Seeing Stars: Matthew Effects and Status Bias in Major League Baseball Umpiring
Coauthor(s): Brayden King.
Despite a growing body of research about the Matthew Effect and status, we still know little about the cognitive biases that underlie the ability of high status actors to accumulate advantages over their lower status peers. In this paper we test the assumption that actors' status biases evaluators' judgments made about those actors' quality. We posit that high status actors benefit from over-recognition of quality, wherein evaluators are more likely to erroneously attribute high quality to an actor's performance, and that evaluators systematically and erroneously under-recognize quality in low status actors. Using unique data from Major League Baseball umpires' evaluation of pitch quality, which allow us to observe the difference in a pitch's objective quality and in its perceived quality as judged by the umpire, we show that umpires are more likely to over-recognize quality in high status pitchers and under-recognize quality in low status pitchers. Ambiguity and the pitcher's reputation as a "control pitcher" moderate the effect of status on umpire judgment. Further, we show that umpire errors resulting from status bias lead to actual performance differences, decreasing the probability that high status pitchers allow players to get on base and increasing the likelihood of winning the game.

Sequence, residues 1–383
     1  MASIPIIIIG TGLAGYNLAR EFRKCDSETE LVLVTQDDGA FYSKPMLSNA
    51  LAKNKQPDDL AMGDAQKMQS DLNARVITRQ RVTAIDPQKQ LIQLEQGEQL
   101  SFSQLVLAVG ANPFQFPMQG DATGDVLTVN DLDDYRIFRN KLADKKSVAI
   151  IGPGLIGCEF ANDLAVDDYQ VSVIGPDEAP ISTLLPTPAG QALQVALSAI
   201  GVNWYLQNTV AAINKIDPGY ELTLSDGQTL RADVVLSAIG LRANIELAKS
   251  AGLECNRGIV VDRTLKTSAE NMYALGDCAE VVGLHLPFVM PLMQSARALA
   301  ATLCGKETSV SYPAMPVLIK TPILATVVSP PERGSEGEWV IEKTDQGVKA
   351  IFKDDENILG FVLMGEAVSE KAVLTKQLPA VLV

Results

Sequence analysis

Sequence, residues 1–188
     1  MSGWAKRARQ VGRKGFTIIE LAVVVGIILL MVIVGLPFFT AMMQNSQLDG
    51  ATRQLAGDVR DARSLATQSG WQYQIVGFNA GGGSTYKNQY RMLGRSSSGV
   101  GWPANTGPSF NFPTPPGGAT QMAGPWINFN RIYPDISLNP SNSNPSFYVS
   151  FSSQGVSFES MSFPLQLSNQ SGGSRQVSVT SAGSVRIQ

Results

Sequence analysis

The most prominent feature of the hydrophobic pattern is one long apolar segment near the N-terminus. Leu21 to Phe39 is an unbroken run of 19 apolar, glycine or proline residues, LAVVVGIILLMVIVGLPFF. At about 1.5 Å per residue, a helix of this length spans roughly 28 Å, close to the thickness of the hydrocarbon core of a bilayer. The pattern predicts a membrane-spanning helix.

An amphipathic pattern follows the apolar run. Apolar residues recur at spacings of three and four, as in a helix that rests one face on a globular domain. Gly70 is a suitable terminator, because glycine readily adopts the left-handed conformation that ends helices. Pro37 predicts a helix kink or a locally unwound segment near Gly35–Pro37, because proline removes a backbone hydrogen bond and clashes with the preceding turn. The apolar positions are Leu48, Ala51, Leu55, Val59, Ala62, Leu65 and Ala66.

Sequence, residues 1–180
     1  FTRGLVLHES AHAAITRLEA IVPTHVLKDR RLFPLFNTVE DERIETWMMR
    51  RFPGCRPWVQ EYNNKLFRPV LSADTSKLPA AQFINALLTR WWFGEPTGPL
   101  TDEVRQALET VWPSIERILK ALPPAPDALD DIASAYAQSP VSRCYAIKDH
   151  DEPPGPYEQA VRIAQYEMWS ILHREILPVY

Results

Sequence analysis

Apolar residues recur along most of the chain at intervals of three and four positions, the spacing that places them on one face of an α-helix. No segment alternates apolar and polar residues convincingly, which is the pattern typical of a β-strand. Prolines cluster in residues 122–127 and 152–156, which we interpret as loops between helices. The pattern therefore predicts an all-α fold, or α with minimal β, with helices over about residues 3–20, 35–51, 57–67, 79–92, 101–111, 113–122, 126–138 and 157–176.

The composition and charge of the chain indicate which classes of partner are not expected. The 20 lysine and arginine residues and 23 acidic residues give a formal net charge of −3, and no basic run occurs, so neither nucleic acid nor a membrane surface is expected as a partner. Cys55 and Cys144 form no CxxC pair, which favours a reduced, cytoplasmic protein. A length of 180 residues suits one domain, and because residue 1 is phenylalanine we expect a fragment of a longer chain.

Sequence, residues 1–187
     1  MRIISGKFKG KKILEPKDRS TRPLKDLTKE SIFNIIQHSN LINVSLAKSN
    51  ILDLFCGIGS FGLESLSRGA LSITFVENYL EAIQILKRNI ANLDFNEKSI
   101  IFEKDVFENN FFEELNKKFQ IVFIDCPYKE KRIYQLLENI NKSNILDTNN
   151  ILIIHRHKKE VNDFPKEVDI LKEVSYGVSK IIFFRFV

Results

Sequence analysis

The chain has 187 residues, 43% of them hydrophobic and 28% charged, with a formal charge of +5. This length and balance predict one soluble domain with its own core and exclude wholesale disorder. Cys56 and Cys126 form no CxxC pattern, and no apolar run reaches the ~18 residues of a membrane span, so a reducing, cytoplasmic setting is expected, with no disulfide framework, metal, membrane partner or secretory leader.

Kim, Jerry, and Brayden King. "Seeing Stars: Matthew Effects and Status Bias in Major League Baseball Umpiring." Columbia University, 2012.